Wheelchairs provides individuals with limited mobility the ability to move around independently. Compared to manual wheelchairs, motorized ones offer power-assisted locomotion for greater ease of movement. A local University research team has developed a software pipeline that takes motorized wheelchairs to the next level, providing autonomous navigation capabilities and offering a greater sense of autonomy. With efficient navigation, savings in manpower and time (e.g., caregivers, wheelchair assistance) can also be realized.
The tech owner is seeking partners to collaborate on further development and test-bedding for mobility devices like wheelchairs as well as other autonomous mobile robots (AMR) applications.
Demonstrated on a commercially available motorized wheelchair, the system provides autonomous indoor localisation and navigation capabilities. Integrated LiDAR (Light Detection and Ranging) sensors detect obstacles in real time. The sensors observe the surroundings and provide the location of the wheelchair to make decisions on planning the most efficient path to take. The device is also equipped with software algorithms running in real time.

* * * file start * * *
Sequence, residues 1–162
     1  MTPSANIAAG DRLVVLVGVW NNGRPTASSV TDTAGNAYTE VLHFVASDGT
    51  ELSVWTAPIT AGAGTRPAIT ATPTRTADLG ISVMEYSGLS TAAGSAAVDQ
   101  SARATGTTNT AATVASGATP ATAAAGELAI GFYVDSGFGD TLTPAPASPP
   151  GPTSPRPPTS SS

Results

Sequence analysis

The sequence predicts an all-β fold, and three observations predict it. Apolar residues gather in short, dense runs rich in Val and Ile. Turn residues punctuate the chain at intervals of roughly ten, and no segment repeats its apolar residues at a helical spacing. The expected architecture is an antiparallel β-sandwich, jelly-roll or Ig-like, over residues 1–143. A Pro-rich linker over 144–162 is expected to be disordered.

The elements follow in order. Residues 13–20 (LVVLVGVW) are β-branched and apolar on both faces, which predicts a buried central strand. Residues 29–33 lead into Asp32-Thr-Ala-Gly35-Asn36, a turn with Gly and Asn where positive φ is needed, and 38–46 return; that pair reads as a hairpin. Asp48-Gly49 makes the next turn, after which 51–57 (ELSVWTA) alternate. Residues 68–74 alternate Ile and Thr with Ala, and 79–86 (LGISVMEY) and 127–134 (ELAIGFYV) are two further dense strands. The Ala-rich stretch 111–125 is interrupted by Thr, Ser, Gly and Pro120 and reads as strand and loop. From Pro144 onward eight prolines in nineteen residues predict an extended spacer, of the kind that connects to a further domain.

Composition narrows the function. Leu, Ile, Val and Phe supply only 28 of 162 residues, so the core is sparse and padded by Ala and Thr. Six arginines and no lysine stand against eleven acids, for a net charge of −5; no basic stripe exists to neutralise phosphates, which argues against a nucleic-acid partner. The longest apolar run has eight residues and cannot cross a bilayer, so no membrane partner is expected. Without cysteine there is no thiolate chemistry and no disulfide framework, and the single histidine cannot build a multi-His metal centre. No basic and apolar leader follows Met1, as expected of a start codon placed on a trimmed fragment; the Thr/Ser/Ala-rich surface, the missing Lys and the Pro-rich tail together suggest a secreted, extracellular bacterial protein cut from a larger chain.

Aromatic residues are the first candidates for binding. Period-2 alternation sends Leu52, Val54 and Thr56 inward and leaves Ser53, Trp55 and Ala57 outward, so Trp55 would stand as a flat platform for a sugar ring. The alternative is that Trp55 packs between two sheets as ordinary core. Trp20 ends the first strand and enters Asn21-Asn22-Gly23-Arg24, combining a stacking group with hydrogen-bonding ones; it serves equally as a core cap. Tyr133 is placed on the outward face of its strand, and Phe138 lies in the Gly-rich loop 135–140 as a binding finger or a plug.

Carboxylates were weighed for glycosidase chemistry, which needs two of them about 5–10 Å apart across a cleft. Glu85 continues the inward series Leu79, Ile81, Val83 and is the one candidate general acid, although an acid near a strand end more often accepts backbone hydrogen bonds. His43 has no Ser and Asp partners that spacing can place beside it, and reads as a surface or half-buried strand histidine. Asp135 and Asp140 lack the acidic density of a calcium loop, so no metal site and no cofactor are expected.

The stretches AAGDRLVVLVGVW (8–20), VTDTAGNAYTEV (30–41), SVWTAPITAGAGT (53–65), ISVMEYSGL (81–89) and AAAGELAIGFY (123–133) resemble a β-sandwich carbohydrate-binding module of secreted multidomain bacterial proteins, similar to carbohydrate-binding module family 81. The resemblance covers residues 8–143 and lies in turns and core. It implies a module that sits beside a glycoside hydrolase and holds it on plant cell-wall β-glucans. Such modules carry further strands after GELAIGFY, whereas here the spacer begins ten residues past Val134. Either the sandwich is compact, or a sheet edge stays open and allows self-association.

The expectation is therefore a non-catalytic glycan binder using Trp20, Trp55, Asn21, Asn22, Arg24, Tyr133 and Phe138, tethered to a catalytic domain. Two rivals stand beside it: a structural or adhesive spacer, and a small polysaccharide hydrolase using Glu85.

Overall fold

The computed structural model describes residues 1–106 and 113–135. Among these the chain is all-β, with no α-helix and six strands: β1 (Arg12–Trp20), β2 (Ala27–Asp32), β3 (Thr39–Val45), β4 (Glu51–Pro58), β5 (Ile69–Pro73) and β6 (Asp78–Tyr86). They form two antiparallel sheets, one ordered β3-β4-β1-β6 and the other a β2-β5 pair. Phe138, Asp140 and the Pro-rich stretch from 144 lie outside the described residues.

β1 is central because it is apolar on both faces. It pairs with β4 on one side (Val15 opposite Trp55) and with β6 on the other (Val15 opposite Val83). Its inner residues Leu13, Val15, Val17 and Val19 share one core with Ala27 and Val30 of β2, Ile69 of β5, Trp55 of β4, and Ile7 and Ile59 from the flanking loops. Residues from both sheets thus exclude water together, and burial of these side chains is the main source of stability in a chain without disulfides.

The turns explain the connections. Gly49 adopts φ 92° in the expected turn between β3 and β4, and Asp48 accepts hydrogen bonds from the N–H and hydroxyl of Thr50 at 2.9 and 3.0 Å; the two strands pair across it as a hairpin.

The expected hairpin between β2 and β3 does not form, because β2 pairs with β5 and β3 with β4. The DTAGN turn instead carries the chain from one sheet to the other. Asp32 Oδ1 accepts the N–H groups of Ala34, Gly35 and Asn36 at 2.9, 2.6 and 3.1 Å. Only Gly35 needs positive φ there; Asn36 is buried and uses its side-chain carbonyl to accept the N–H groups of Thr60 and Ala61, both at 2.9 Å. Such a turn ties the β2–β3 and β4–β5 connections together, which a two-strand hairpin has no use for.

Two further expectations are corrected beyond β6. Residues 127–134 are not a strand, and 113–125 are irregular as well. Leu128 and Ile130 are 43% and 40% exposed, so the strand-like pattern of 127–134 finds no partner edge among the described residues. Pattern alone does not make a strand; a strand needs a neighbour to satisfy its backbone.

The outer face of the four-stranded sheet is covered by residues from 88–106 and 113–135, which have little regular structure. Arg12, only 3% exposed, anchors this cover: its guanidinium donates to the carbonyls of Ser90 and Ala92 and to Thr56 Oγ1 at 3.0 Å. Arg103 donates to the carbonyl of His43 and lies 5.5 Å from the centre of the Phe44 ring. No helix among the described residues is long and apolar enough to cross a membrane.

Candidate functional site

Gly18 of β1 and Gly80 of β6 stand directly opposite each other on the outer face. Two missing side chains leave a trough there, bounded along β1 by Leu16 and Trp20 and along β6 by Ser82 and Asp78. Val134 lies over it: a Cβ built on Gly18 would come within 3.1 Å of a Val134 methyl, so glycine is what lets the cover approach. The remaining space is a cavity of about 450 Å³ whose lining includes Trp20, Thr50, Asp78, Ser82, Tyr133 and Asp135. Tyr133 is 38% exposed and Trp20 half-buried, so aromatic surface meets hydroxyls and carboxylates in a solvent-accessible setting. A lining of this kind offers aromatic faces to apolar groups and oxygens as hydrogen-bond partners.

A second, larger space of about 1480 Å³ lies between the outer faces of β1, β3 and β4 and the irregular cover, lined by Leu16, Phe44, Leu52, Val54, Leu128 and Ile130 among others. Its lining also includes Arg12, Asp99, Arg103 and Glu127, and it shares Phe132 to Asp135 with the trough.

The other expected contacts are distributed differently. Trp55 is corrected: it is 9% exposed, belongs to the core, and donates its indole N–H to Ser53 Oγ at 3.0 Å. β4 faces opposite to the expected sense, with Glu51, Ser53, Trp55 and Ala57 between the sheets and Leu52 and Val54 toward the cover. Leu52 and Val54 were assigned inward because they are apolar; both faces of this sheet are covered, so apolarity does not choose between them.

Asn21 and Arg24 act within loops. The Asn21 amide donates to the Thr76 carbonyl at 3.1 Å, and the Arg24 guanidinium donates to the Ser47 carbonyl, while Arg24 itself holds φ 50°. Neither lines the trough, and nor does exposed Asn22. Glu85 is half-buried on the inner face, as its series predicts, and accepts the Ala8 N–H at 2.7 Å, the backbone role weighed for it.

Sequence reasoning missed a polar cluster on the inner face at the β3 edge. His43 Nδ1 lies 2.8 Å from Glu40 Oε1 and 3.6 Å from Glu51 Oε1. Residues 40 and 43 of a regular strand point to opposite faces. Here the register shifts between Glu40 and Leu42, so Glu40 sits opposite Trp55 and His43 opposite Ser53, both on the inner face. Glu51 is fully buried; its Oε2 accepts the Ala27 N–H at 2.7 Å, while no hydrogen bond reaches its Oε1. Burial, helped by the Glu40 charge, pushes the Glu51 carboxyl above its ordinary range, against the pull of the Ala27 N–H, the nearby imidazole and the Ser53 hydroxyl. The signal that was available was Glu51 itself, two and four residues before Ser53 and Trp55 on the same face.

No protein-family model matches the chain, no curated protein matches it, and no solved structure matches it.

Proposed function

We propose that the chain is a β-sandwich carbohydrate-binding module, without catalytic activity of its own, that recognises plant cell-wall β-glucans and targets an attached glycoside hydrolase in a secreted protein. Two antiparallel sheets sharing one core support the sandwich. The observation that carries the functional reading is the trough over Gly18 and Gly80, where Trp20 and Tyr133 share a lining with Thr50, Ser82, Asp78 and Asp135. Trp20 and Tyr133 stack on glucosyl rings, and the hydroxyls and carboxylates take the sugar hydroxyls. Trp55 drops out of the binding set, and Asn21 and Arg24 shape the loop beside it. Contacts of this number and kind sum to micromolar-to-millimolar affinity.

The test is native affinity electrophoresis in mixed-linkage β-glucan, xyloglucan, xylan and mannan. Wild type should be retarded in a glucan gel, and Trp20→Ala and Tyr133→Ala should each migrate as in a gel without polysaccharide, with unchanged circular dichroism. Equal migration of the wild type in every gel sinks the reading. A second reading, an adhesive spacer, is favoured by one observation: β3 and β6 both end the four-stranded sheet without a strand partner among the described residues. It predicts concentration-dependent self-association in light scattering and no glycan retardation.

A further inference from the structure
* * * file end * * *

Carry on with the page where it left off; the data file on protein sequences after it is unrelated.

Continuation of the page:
Potential applications include assisting those with limited mobility navigate new places like hospitals / shopping malls / airports. In healthcare facilities such as hospitals and clinics, autonomous wheelchairs can be used to assist patients and healthcare providers. The wheelchair can transport patients within the compound, reducing the need for assistance to push the wheelchair. Healthcare staff can now focus on other tasks. In public spaces such as the airport, wheelchair users would have a greater sense of autonomy to explore and navigate through crowded areas without having to struggle with wayfinding.
This technology offers independent autonomous navigation which differs from conventional approaches based on assisted navigation where wheelchairs move along a certain path following a person in front.